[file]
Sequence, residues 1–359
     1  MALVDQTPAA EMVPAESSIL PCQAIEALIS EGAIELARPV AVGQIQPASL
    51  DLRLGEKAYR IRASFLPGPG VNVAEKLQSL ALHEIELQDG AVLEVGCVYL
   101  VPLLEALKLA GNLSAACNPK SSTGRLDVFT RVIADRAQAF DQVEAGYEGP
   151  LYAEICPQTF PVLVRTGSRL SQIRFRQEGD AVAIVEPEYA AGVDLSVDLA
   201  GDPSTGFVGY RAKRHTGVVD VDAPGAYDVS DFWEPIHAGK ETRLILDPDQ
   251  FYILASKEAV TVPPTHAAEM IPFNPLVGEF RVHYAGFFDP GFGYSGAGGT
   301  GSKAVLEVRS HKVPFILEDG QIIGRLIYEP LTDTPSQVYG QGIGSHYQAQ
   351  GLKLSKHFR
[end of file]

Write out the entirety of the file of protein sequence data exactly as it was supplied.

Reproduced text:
Sequence, residues 1–359
     1  MALVDQTPAA EMVPAESSIL PCQAIEALIS EGAIELARPV AVGQIQPASL
    51  DLRLGEKAYR IRASFLPGPG VNVAEKLQSL ALHEIELQDG AVLEVGCVYL
   101  VPLLEALKLA GNLSAACNPK SSTGRLDVFT RVIADRAQAF DQVEAGYEGP
   151  LYAEICPQTF PVLVRTGSRL SQIRFRQEGD AVAIVEPEYA AGVDLSVDLA
   201  GDPSTGFVGY RAKRHTGVVD VDAPGAYDVS DFWEPIHAGK ETRLILDPDQ
   251  FYILASKEAV TVPPTHAAEM IPFNPLVGEF RVHYAGFFDP GFGYSGAGGT
   301  GSKAVLEVRS HKVPFILEDG QIIGRLIYEP LTDTPSQVYG QGIGSHYQAQ
   351  GLKLSKHFR